- Failure to pay attention on walks, at playtime, or when feeding
- A lack of interest in interacting with other dogs and people
- Obsessive and repetitive movements such as tail-chasing or circling
- Failure to express emotion as usual, such as not wagging the tail when happy
- Staring off into space and a general lack of eye contact
- Hypersensitivity to stimuli such as being touched or hearing certain sounds
- Avoiding unfamiliar environments or acting excessively fearful of new situations
- Disinterest in playing or other high-energy activities
Autistic Dog Care & TreatmentKnowing you have a dog with autism or CDB can be worrying. However, your vet will discuss a range of different treatment options, behavioral methods, and environmental changes. Combined, these three core methods make symptoms manageable and ensure your dog lives a happy and fulfilling life. Below are some treatment options your vet may recommend:
- Medication: There is no medicated cure for autism in dogs, but vets might prescribe calming medications to help remove obsessive behaviors and/or aggression. Fluoxetine (Prozac) is a common example that is also prescribed to autistic people.
- Safe Space: Autistic dogs or dogs with other special needs often feel overwhelmed by their environment and are easily scared. As such, you must create a safe space for your dog to retreat to whenever they need time out from an unfamiliar situation. This can be a dog bed, a kennel, a small crate, or an entire room.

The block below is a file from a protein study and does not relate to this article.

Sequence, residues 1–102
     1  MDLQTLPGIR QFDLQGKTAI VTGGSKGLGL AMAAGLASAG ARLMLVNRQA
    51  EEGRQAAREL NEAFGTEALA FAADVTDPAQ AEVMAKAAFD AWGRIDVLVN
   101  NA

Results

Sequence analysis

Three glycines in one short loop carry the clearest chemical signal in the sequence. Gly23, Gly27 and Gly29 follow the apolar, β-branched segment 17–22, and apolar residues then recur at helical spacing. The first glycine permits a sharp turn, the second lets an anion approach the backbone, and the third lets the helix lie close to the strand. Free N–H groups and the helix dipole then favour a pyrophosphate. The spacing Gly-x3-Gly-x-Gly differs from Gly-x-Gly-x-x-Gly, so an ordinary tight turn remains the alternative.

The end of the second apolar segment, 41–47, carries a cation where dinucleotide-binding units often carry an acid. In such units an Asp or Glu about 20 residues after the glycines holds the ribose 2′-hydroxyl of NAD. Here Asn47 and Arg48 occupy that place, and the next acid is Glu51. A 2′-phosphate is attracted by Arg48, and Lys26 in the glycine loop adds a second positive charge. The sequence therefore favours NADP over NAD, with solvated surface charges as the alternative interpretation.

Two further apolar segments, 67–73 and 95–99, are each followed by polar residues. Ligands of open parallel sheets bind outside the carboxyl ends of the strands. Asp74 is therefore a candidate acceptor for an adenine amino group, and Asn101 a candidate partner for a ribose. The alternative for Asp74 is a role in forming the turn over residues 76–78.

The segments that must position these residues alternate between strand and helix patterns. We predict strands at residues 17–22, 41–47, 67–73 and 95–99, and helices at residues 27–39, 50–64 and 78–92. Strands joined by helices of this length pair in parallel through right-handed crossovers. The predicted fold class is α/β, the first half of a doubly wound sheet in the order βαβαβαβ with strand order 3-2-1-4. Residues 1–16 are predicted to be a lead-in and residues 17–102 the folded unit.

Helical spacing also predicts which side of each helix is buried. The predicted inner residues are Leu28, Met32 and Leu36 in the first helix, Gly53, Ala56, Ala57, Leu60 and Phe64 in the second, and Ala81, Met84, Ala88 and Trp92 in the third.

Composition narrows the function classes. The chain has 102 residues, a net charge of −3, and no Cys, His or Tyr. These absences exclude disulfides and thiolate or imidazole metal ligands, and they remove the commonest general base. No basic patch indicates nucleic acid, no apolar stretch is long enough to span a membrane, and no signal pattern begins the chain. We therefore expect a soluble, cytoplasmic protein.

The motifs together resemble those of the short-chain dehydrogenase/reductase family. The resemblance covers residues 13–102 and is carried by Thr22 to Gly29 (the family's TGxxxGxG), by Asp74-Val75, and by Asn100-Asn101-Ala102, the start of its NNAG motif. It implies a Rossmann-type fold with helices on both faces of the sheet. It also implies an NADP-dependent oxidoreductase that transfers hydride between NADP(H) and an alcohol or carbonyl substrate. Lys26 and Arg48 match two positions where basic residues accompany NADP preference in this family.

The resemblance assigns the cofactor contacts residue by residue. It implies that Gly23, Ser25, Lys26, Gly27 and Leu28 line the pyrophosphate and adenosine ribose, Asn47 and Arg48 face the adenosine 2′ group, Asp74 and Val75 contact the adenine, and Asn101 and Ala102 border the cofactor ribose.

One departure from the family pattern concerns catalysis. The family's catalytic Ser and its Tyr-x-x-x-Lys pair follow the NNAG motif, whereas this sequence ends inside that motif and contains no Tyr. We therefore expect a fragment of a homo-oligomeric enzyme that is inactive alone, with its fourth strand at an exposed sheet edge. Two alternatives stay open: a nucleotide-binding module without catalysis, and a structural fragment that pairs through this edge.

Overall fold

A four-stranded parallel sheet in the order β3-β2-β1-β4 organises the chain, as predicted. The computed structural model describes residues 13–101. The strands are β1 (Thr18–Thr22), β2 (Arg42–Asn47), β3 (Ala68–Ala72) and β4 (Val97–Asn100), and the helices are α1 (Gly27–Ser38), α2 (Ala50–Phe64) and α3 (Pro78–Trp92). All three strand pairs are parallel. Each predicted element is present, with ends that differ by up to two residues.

- Proper Socialization: Social skills are learned behaviors that most dogs learn in puppyhood. Autistic dogs are frequently reluctant to socialize, but encouraging socialization can help teach or improve these behaviors later on in life.
- Positive Reinforcement Training: This is a training technique used by behavioral therapists that helps dogs form positive associations with negative stimuli. Turning triggers into positive things can correct unwanted behaviors. Only attempt positive reinforcement training with the help of a qualified behavioral specialist.
- Physical & Mental Stimulation: Regular exercise and mental stimulation have been shown to help reduce stress and anxiety in dogs. This can also act as a distraction for obsessive tail-chasing, circling, and other compulsive behaviors. Teach your autistic dog plenty of commands, play together each day, and go on plenty of walks.
- Healthy Diet: Eating a healthy diet contributes to having a healthy mind and body. Therefore, feeding your dog well-balanced and nutritious food can help to improve symptoms of autism or canine dysfunctional behavior in dogs.
- Avoid Stressful Triggers: Your vet can help you identify your dog’s triggers, and you can then adjust your home environment to eliminate or reduce these. Don’t pet your dog if this overwhelms them, for instance. Another great example is putting a sign on the front door asking visitors not to ring the doorbell.